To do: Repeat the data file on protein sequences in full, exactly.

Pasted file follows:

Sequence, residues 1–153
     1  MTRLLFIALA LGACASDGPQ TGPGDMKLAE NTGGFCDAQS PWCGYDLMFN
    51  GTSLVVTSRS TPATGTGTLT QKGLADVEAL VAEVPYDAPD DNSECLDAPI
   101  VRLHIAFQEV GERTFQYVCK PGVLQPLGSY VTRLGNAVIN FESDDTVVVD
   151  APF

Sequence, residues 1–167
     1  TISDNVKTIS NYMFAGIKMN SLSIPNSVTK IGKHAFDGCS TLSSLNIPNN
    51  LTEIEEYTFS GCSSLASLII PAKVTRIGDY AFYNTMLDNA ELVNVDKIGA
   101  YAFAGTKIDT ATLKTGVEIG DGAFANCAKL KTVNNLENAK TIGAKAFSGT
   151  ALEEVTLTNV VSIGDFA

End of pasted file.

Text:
Sequence, residues 1–153
     1  MTRLLFIALA LGACASDGPQ TGPGDMKLAE NTGGFCDAQS PWCGYDLMFN
    51  GTSLVVTSRS TPATGTGTLT QKGLADVEAL VAEVPYDAPD DNSECLDAPI
   101  VRLHIAFQEV GERTFQYVCK PGVLQPLGSY VTRLGNAVIN FESDDTVVVD
   151  APF

Sequence, residues 1–167
     1  TISDNVKTIS NYMFAGIKMN SLSIPNSVTK IGKHAFDGCS TLSSLNIPNN
    51  LTEIEEYTFS GCSSLASLII PAKVTRIGDY AFYNTMLDNA ELVNVDKIGA
   101  YAFAGTKIDT ATLKTGVEIG DGAFANCAKL KTVNNLENAK TIGAKAFSGT
   151  ALEEVTLTNV VSIGDFA